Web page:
There is no indication she is suffering excessively. As with most medical treatments, some pain may be involved, which is why Lewis has requested the creation of a hospice or palliative care plan for her daughter. Lewis understands that, ultimately, Tinslee’s life may be shorter than she would hope for. But if Tinslee were to pass away, Lewis, like more and more Americans, would like her daughter to be at home, a place she has never known, where the rest of her family will be waiting to care tenderly for her.
The state of Texas has decided goals like this are too far-fetched, giving individual physicians virtually absolute power over end-of-life care not only for minor children, but also for adults. In many cases, such patients are alert and can communicate their desire to stay alive.
In at least one case, a patient had multiple alternative facilities offering to assume medical care, but ventilation was withdrawn before her family could secure proper Medicaid approval. Her family had to forcibly remove her from a hospital unwilling to treat her, in a daring middle-of-the-night ambulance escape.
Then there are cases such as Zach’s, in which a clerical error may have saved his life. He was determined to be a “futile case,” but because the ethics committee didn’t register documents properly, his parents had time to stop the clock before it started.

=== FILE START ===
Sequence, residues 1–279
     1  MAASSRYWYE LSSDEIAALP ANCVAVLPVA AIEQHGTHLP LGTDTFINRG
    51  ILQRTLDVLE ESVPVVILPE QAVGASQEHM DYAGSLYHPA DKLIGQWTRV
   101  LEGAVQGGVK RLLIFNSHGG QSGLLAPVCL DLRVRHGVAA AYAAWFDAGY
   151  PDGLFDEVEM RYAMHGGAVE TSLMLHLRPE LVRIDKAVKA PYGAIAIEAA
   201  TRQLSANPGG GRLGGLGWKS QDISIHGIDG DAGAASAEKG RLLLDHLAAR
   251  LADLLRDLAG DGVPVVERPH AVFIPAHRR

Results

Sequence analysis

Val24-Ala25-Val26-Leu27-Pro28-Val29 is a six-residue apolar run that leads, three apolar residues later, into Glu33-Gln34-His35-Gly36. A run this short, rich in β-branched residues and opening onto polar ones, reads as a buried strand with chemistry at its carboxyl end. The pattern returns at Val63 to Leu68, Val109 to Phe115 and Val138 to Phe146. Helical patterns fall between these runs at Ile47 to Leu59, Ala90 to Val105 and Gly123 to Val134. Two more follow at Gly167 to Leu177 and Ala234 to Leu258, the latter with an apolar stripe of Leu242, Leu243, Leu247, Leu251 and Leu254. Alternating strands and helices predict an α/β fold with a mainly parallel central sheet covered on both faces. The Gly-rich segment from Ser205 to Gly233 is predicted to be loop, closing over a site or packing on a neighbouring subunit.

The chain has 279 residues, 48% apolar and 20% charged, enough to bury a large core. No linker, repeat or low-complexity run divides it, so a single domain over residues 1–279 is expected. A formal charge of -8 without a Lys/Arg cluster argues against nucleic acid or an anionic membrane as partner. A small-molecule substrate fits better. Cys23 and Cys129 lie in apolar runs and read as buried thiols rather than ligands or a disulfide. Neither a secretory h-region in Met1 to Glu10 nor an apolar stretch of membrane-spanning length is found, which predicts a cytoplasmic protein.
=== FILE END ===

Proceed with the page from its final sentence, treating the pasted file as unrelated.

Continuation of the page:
We Must Create Better Laws
Tinslee’s case is tragic not only because it involves an innocent child and a grieving mother, but because so many people either don’t realize the insidious nature of this law until it’s too late or don’t understand the scenarios in which this law is applied. In addition, pro-life groups such as Texas Right To Life and Texas Alliance for Life are at odds over the best solution.
Finding a balance between a family’s right to direct end-of-life care for fragile loved ones and a medical professional’s right to legally practice medicine within the confines of his moral codes has proven to be almost impossible while the law is in place. We must protect children like Tinslee from passive euthanasia, but also be cautious not to create laws compelling physicians to participate in morally questionable “treatments,” such as physician-assisted suicide and abortion. Unfortunately, more states are beginning to adopt statutes like the one in Texas.
In the end, the law as written may not allow enough leeway to save Tinslee. Currently, there is no ability to review the ethics committee decision once it’s finalized. The law only allows for appeals regarding the length of time a facility must continue care. The sole possibility for Lewis and her daughter is an alternate facility, which may be difficult to secure given the news media’s characterization of Tinslee’s condition — a characterization based on out-of-date records.
An anonymous source close to the situation has shared with me rumors that physicians view this dilemma and others like it as “right-to-die” cases, and hospitals may have unofficial, preexisting agreements to decline patients who have been given a 10-day letter.
If Lewis cannot find care outside Cook’s, Tinslee may spend her final days suffocating in her mother’s arms, with the machines needed to ensure survival sitting unused in the corner, within her mother’s view. Tinslee will be just the latest victim of politicians who believe the state has more interest than families in determining who should receive care and who shouldn’t, and she most likely won’t be the last.